The vending machine business is scalable, which means it can start small and expand. You don’t have to wait for payment because the customer pays when they purchase the item.

Location, location, location

Putting yourself in the most profitable position means finding the right position.

Places with a lot of people are good, such as schools and universities, shopping malls and office parks.

Think about where people need to wait. During the waiting period, they may feel hungry or thirsty. Ausmus’s novel machine needs the company of children.

“One of the hardest things to do is to find a position,” he said.

The location can be trial and error.

“Put it in one place and find that it didn’t make enough money. This is really not a bad risk. … You can remove it and move it to the next one until you find the right place. ,” Ausmus said.

When looking for a location, be prepared to present a business plan for the machine to the owner or landlord.

Also prepare:

  • Pay a certain percentage of sales expenses or other expenses to place your machine in their place.
  • Pay the electricity bill for the use of the machine.
  • Ensure the safety of the machine. There is money in the machine, as well as inventory. Theft and vandalism are always possible.
  • Study national and local laws and regulations.
  • Pay sales tax on the income generated by the machine.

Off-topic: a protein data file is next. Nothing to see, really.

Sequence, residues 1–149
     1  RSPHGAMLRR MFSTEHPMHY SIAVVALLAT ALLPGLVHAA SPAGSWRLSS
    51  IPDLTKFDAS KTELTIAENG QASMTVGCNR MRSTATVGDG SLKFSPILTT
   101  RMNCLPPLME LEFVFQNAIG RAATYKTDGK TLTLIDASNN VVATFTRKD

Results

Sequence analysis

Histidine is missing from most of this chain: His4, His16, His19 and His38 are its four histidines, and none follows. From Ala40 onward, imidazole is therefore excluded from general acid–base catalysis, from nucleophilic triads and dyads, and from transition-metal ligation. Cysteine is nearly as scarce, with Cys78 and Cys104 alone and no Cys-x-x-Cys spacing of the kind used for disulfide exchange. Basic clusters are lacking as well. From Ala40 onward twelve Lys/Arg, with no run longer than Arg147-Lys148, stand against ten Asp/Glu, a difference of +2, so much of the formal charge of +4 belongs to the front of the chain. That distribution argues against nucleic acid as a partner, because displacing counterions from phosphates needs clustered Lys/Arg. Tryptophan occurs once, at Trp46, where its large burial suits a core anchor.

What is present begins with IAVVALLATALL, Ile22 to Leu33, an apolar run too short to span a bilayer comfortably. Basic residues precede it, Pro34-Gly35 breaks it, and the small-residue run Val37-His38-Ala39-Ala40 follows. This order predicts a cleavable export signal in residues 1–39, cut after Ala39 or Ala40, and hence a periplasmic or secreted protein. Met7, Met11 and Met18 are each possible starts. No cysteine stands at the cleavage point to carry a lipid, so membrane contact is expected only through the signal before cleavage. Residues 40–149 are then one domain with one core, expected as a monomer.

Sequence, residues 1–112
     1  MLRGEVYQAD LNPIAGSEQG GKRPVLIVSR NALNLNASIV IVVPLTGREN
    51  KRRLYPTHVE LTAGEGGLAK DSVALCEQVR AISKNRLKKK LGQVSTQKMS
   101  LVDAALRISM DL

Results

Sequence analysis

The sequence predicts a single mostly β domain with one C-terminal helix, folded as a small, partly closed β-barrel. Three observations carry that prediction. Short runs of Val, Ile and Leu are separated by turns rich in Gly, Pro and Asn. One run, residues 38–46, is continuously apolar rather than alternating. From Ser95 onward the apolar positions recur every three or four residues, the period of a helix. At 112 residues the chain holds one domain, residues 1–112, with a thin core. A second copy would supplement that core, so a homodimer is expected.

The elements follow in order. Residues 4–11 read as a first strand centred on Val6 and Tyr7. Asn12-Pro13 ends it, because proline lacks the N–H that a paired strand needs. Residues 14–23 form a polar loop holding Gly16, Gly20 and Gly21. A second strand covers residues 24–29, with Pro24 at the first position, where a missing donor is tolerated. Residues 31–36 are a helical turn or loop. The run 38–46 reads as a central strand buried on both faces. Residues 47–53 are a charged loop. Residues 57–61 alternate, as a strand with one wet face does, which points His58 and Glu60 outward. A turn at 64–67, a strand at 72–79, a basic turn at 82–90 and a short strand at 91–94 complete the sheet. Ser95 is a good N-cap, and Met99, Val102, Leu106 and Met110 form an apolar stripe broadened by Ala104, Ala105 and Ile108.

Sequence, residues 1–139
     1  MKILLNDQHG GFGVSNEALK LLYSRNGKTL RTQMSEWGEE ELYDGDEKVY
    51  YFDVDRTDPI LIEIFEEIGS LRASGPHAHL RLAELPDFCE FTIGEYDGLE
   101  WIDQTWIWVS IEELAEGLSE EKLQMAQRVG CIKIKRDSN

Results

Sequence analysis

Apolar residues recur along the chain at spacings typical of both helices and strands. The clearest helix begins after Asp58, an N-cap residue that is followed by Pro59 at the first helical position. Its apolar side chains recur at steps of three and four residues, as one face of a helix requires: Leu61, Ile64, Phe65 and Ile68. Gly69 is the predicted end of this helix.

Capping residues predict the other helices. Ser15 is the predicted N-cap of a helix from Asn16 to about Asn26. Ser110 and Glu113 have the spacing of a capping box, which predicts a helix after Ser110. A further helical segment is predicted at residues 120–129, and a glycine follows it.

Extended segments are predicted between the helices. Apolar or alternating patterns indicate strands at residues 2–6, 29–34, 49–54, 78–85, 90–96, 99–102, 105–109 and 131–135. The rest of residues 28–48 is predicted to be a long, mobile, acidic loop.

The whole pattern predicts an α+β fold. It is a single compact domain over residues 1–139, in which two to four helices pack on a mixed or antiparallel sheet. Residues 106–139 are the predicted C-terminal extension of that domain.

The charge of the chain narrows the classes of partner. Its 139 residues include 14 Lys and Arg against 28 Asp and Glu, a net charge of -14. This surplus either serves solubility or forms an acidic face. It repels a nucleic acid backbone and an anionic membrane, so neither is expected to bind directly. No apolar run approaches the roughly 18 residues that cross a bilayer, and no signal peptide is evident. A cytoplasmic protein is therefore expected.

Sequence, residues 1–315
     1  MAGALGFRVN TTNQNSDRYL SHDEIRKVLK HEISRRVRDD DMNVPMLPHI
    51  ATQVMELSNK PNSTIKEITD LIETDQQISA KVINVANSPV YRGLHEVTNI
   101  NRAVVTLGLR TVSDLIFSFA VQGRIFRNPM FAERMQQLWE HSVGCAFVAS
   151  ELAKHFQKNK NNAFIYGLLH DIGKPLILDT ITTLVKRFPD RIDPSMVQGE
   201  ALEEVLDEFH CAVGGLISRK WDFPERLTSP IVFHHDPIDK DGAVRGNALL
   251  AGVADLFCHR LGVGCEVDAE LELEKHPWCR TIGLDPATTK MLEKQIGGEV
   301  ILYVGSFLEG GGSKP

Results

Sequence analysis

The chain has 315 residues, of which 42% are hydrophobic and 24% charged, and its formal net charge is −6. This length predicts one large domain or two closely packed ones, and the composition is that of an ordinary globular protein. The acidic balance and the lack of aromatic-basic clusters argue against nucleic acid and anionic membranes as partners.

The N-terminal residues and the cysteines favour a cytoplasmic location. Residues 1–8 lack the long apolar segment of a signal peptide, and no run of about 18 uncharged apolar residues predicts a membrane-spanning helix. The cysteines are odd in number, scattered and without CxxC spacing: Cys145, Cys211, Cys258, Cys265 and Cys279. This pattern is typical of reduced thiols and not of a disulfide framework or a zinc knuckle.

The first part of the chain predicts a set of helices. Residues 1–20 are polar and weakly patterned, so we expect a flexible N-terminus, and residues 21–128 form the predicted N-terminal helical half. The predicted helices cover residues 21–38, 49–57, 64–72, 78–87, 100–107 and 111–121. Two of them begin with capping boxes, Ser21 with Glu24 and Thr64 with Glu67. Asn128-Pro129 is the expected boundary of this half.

Key purchase: your vending machine

Then you will need a real vending machine. There are several types, and the price depends on the content in the machine, whether it needs cooling or heating, and the interactivity.

Buying directly from the manufacturer or supplier is an option, as is buying in the secondary market. Some companies also rent machines. Ausmus warns to ensure that the products you purchase have spare parts and support.

The price of the machine ranges from approximately US$1,500 for a used or refurbished machine to thousands of US dollars for a new high-end machine with many technical features.

Some machines have:

  • Remote monitoring software: This helps to keep track of how the machine works and to notify the operator when a problem occurs.
  • Low stock reminder: Notify the operator when the item needs to be replaced.
  • Vending Management System (VMS): Track sales and other data to help owners make better business decisions.

Operating vending machine business

Although owning a vending machine does not require any special skills, it is a business.

You will need inventory and personnel to keep machine inventory and maintenance. This may require vans or trucks.

Compared with other items, perishable items need to be stored more frequently. Learning some basic maintenance skills can save you from having to hire people when the machine has problems.

Different types of machines have different functions. Some only accept cash, while others process credit or debit cards. Some models have touch screen or voice functions.

“Make sure you have your phone number on the machine and the store location knows your phone number,” Ausmus said. “If someone doesn’t get what they want, make sure the store can give them a refund, and then you return the refund to that store. Then go out and repair the machine as soon as possible so you can continue to make money.”

Automated sales are not for everyone, but owning and operating vending machines can be a good business. Being able to easily get back the money you earned and easily replenish the machine is the key.

Ausmus said: “Then you only work three days a month, basically for the entire performance.” “Three or four days a month can give someone a good extra income.”

Tiffani Sherman is a freelance journalist based in Florida with more than 25 years of experience writing on finance, health, tourism, and other topics.